deathbyshinies cited the example of men undressing you with their imaginations and you mentioned that men would be better off without visual aids to that effect. The fact is that in that situation you haven't emitted any type A stimuli to the men involved, but they are receiving type A stimuli with the source being their own brains fixating on the existence of your concealed breasts. As such they consent to receiving the type A stimulus generated by their imaginations.

The discomfort you feel is the ontological angst that there exists these thoughts inside these men. You have no way to tell that these men are thinking these things, since they have not betrayed themselves yet. Here the type A stimulus you are feeling is not coming from these men in the example but from your brain thinking about the the existence of the thoughts in the heads of the men in the example. You do not consent to the stimulus, which you find distressing, so you may use various techniques to put it out of your mind or think of it without distress.

If you can't dismiss the "white bear" of unwanted thoughts then any thought which can cause type A stimulus has the potential to drive you insane, whether it is thoughts of the rampant patriarchy, your own mortality, germs or a Sartrian moment of existential angst.

More than that, if you are deprived liberty of thought, then you have lost Millsian liberty, and that is a harm to you. The ability to dismiss unwanted thoughts, though it is contrary to our biology is crucial to living a liberated life.

These things are real, but to handle them effectively you have to be able to handle them as type B stimulus, rather than face the damaging effects of type A.

I could add that photoshop and a camera phone can create images of anybody nude, and if you are a celebrity such photos are available widely. Just ask Sarah Palin. In order to continue her life as Governor of Alaska, she has to be able to convert the existence of those photos into type B factoids that she can tolerate without distress.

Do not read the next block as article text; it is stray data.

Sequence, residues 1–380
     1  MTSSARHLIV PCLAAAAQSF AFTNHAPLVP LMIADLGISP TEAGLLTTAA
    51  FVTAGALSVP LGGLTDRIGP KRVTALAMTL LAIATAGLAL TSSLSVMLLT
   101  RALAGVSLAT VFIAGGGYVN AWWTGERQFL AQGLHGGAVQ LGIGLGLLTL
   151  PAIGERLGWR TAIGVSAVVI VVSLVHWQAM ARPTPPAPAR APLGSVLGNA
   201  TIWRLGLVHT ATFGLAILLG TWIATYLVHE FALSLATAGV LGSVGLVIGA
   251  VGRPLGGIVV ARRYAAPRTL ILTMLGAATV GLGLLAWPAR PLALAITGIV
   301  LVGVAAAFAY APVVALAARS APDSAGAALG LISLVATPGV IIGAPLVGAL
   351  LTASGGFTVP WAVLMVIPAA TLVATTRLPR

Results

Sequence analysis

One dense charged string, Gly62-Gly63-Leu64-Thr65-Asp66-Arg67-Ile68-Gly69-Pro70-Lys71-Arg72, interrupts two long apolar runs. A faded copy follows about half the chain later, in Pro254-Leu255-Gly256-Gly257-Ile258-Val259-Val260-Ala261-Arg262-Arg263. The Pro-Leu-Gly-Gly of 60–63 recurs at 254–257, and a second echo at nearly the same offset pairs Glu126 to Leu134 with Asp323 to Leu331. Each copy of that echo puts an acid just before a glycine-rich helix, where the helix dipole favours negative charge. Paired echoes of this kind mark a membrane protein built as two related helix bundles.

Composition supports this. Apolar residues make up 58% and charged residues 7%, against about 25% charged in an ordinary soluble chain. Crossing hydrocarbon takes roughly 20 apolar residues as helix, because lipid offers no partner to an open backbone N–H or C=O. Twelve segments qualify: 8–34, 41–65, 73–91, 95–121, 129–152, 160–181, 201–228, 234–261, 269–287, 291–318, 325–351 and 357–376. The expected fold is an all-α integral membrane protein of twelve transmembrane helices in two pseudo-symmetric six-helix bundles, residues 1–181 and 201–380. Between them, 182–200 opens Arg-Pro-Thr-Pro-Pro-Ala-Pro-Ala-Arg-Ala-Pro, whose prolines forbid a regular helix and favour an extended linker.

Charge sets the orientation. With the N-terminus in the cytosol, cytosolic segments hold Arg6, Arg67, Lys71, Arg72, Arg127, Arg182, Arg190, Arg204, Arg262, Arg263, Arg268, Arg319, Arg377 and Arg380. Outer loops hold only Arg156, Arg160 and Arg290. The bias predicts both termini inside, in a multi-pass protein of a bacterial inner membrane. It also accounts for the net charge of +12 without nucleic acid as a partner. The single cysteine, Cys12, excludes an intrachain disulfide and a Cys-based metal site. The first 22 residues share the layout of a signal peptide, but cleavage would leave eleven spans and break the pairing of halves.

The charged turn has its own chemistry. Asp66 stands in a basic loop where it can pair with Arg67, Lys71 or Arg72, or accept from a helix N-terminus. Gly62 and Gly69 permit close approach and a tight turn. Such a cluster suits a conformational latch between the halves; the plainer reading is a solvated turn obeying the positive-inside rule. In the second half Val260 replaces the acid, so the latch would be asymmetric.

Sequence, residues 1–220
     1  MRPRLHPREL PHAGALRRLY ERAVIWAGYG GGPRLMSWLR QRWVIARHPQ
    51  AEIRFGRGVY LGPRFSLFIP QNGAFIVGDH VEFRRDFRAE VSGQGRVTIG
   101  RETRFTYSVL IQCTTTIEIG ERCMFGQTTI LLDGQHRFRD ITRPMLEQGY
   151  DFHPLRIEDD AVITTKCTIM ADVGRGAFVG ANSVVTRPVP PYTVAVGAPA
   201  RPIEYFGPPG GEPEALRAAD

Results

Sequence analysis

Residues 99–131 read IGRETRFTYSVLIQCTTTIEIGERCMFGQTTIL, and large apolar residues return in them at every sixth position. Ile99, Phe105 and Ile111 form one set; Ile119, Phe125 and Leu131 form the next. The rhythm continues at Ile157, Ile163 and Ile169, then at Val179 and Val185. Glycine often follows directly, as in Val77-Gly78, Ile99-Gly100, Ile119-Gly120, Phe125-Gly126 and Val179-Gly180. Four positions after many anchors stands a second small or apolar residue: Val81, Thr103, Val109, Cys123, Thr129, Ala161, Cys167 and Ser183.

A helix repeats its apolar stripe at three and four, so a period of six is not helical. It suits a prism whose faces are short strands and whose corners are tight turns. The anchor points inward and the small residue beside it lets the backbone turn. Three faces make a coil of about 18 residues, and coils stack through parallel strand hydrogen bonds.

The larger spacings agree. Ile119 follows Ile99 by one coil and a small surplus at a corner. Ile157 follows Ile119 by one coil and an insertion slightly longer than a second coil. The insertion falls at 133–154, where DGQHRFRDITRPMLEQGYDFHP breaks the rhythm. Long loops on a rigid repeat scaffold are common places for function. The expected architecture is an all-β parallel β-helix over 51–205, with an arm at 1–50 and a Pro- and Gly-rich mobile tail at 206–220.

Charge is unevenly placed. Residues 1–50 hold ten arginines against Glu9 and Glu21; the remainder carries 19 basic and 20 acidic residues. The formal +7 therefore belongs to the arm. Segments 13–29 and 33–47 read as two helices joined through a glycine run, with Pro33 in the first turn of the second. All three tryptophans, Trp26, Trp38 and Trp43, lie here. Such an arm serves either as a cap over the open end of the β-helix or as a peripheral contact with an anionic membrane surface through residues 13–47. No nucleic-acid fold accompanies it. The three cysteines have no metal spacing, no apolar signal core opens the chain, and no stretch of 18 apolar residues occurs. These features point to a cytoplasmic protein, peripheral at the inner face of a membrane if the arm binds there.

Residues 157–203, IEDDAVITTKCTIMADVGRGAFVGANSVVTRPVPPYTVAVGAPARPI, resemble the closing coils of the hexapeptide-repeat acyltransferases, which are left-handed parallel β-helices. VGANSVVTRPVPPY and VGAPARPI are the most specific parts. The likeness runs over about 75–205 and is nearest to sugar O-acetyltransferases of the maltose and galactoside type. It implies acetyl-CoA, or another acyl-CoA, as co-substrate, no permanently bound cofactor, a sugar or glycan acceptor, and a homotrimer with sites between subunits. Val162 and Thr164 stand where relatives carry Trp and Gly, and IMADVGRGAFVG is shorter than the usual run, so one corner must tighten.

I'm going to take a photo of my PCR gel, and then return to the third part of this reply.

In the mean time, here's another augmented reality demo.


You print out a square on a piece of paper, and your computer replaces the square with a 3d landscape.

here's a youtube clip of it, if you don't have any paper.

May. 22nd, 2009 07:29 am (UTC)
I don't think you are correct about it being ontological angst. It has very rarely occurred to me to think about whether someone else may be mentally undressing me, and in fact this has only occurred because their actions have made it pretty obvious. At which point I think you would agree that we are out of the world of imagination and into the world of fact (to which, in fact, I have every right to respond as though it is a type A stimulus because it could be evidence of a threat to my safety).

I actually don't care what someone else is doing with their imagination provided it isn't becoming manifest in actions which distress someone else. At that point, there is a problem. Though I admit that the idea of random people wandering around with the technology to more easily mentally undress anyone they like the look of does give me the creeps. It's an invasion of privacy, it's taking away my right to present myself in the way I choose to present myself (and what about women and men who dress modestly for religious reasons? this seems like a double invasion for them), and you know, I don't think I'd really want to spend very much time in the vicinity of a person who would do that to anyone, really. (And good lord, imagine that technology anywhere near a fourteen-year-old boy [sorry, but of all teenagers they seem to be the most unpleasant]. Isn't high school bad enough already?)